The land of the pharaoh has always excited archaeologists and attract tourists from all around the world. This year alone there were several discoveries which stunned the archaeologists.
Whether it was the finding of the cone-shaped headgear at the ancient Egyptian city of Amarna, ancient pharaoh Ptolemy IV's temple or the finding of the industrial area in Valley of the Monkeys or the discovery of 20 ancient coffins in the southern city of Luxor, 2019 was a fantastic year for archaeological discoveries in Egypt.
Ramses II statue in Giza
A group of archaeologists found an ancient statue, which has been described as one of the "rarest archaeological discoveries" of Egypt. This finding was unique as it was a pink ancient statue with the Ka symbol, which is an important sign of ancient Egyptian cosmology.
Egyptian head cones
The researchers in Egypt unearthed two ancient headgears at the historic Egyptian city of Amarna which was built by pharaoh Akhenaten and was occupied from 1347 BC to 1332 BC. It should be mentioned that ancient Egyptians also used to wear different kinds of headgears, especially pharaoh, while some wore the distinctive double crown known as a Pschent.
During an excavation mission conducted by the Ministry of Antiquities, archaeologists found a well-preserved ancient coffin. Researchers found that the coffin was made out of limestone. Inside of the coffin archaeologists found poorly preserved mummies in the Qesna quarry excavation site in Monufia back in April.
Ancient Roman establishments in Alexandria
An archaeology team, which included Egyptian and Polish researchers, found the remains of an Ancient Roman town in Alexandria's Kom El-Dekka in July. The team also discovered a collection of mosaics covering the floor of a townhouse, a massive imperial bathroom, a small theatre and a unique collection of 22 lecture halls. After this finding archaeologists claimed that these are the remains of an old university.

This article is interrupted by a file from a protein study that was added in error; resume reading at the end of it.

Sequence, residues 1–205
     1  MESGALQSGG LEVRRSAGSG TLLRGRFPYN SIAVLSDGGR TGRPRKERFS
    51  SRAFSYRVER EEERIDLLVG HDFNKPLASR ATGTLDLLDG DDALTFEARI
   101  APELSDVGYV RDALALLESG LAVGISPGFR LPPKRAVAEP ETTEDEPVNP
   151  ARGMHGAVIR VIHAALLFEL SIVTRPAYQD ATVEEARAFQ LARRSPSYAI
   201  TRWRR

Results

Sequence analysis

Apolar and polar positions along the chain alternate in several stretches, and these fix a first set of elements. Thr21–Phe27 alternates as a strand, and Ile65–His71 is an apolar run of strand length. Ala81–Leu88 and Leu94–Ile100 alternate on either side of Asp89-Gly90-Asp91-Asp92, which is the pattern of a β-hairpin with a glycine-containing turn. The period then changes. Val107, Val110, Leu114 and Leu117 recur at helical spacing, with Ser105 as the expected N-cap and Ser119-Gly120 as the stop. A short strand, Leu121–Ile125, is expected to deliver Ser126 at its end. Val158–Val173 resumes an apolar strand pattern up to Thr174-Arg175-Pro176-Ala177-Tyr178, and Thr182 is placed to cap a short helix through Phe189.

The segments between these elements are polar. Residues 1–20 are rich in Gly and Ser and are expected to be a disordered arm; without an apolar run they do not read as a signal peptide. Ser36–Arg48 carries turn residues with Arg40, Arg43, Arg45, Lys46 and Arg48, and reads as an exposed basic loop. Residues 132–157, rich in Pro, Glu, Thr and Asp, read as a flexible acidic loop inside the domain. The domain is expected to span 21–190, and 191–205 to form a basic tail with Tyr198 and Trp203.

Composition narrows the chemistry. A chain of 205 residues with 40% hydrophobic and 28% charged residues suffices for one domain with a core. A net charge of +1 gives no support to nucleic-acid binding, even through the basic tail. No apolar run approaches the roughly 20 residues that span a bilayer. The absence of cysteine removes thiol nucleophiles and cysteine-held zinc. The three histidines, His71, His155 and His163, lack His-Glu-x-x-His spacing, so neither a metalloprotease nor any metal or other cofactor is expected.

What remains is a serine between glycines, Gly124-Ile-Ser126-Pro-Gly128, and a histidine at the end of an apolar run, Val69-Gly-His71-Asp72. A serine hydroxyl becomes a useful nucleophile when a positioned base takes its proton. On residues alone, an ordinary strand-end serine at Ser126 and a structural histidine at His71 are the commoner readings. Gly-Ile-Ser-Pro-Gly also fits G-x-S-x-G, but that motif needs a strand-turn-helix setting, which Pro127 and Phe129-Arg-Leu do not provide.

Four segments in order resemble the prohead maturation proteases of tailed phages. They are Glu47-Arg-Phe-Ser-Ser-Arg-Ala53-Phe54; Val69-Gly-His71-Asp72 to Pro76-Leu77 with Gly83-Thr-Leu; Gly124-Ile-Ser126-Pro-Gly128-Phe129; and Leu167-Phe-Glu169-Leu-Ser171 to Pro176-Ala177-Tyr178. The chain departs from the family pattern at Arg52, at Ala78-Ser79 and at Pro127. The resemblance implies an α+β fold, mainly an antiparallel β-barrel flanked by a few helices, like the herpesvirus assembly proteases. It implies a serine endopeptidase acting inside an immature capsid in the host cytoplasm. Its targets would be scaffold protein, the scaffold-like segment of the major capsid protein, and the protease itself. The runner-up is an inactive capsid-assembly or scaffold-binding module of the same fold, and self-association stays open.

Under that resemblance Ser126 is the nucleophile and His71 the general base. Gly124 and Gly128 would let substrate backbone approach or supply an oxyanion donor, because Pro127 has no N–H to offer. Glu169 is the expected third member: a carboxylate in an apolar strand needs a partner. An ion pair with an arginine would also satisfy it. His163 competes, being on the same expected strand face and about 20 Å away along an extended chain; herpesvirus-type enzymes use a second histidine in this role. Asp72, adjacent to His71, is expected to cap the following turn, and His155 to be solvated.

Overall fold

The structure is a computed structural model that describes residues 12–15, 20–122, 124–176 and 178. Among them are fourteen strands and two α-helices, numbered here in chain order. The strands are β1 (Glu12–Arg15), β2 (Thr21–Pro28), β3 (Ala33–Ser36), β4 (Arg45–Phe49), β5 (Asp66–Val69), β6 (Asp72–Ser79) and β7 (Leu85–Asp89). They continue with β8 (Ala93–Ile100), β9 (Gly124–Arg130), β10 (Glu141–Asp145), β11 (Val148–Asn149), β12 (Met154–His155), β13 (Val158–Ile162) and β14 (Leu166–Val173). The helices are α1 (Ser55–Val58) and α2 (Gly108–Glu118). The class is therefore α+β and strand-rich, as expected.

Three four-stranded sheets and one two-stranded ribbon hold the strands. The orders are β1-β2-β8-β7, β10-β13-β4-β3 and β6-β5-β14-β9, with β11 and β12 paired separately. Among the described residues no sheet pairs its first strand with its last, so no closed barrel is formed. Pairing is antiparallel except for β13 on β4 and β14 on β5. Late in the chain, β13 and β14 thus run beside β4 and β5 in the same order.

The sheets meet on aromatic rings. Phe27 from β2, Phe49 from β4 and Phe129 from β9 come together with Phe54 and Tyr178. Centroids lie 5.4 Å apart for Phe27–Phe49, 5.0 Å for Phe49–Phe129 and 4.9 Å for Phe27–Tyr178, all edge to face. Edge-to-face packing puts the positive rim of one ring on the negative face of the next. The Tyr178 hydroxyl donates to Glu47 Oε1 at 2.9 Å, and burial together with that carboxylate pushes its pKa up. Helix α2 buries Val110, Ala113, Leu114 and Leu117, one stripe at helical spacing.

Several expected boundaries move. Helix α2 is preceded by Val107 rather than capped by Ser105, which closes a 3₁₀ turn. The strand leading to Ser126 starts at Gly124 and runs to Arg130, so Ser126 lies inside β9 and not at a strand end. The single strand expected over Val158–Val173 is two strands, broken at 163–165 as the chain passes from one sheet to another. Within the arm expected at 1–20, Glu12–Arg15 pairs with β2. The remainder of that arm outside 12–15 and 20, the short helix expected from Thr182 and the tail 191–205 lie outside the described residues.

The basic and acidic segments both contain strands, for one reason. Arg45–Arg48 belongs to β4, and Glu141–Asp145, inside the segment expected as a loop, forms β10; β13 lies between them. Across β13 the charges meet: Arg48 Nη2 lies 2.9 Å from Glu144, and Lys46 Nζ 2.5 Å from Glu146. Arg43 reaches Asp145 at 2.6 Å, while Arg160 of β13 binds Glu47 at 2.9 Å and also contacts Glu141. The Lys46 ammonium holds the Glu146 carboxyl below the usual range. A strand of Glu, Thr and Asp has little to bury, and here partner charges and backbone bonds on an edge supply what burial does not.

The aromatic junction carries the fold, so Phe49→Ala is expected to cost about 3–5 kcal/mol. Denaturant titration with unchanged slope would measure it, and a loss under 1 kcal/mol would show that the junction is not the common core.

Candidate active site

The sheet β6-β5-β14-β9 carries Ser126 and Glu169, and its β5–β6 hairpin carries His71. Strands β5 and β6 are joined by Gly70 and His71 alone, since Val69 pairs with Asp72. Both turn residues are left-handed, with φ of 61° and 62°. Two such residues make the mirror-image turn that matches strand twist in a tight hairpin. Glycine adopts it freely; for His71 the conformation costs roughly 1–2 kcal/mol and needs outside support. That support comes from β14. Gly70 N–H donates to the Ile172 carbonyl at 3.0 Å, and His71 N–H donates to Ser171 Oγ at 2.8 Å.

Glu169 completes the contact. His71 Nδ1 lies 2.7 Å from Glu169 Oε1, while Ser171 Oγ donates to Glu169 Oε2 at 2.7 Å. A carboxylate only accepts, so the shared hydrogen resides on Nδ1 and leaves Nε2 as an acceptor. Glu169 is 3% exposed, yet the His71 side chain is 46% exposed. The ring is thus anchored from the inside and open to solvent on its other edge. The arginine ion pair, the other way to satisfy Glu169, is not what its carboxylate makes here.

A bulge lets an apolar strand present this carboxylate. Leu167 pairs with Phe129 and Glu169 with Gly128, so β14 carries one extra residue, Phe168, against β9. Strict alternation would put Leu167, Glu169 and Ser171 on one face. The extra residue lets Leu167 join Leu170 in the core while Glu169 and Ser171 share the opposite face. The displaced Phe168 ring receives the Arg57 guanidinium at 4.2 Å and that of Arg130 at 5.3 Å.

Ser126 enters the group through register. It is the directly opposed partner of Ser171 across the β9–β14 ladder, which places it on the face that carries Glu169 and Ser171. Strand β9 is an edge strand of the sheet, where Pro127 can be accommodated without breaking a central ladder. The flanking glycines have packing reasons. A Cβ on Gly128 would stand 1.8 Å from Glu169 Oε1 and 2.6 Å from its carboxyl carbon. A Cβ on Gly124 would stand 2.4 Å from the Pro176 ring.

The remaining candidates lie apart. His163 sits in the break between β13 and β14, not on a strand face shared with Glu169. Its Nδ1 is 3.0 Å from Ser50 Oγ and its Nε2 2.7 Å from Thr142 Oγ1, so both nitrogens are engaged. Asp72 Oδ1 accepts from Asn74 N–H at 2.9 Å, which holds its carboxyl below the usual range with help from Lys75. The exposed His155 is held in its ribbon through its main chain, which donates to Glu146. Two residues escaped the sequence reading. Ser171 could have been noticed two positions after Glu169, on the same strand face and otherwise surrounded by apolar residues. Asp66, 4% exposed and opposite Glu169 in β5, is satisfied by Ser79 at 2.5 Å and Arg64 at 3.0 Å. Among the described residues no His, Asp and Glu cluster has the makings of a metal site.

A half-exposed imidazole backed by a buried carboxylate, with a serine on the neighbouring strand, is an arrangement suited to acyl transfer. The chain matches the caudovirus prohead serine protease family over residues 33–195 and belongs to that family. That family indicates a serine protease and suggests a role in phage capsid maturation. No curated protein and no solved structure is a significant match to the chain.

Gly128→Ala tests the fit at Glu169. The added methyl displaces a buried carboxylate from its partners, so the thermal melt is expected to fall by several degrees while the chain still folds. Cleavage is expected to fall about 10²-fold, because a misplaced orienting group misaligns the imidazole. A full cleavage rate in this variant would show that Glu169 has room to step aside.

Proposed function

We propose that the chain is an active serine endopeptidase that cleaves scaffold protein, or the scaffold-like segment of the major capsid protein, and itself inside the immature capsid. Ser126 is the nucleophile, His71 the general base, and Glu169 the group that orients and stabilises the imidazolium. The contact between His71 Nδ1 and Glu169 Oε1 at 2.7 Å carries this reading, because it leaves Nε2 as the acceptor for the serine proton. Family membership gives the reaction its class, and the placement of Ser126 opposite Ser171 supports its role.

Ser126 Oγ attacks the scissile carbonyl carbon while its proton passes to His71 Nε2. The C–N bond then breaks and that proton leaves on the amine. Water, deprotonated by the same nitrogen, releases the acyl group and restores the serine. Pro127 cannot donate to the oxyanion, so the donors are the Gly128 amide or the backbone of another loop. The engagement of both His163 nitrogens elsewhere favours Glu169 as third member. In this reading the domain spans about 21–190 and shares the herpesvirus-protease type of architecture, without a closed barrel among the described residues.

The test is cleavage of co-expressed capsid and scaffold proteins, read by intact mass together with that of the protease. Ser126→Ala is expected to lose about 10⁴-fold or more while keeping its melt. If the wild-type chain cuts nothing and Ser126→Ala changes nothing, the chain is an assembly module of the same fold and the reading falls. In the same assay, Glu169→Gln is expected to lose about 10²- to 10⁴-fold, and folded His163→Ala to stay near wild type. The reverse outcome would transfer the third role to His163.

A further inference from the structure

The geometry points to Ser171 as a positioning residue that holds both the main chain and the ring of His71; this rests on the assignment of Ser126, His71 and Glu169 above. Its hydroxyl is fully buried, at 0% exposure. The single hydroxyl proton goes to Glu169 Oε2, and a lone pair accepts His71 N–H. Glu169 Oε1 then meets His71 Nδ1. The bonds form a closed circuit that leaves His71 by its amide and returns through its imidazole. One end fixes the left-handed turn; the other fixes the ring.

Ancient Egyptian priest mummies
30 sealed wooden coffins along with the priest mummies within at El-Assasifan ancient necropolis nearby Luxor. In October, after the finding, archaeologists came to know that the well-preserved coffins date back to almost 3,000 years. It should be noted that these coffins included 23 adult males, 5 adult females and 2 children.
Sohag tomb and Tutu's mummy
Archaeologists found a tomb containing tens of mummified animals and one human mummy, which is believed to have once been the owner of the tomb. The inscription found from the tomb is considered as unique as they still have their original colour.
4000-year-old tomb of Saqqara
During excavation, the archaeologist has found that well-preserved tomb contains vibrant wall paintings which look like they were painted just a few days ago. But in reality, the tomb is 4000-year-old. Later it was revealed that it was the tomb of a Fifth Dynasty officially named Khuwy in Saqqara. The sarcophagus and Khuwy's mummy were found in ruins as a result of an attempted robbery, but the remains clearly showed the signs of mummification.
Underwater Cities of Heracleion and Canopus
Jewellery, new ports, pottery and temple ruins from ancient Egypt were found in July about 32 kilometres northeast of Alexandria in the ancient underwater cities of Heracleion and Canopus. After this discovery, archaeologists understood that the city was much bigger than previously thought.
Greco-Roman and Ptolemaic Sites
Around 20 archaeological sites from the Ptolemaic, founded in 305 BC and Greco-Roman eras were discovered in central and east Alexandria by coincidence after the land was identified for construction suitability.
Several animal mummies were discovered at the Bubastian necropolis in Saqqara in November. Two of those mummies were lion cubs, which was not very common in ancient Egypt.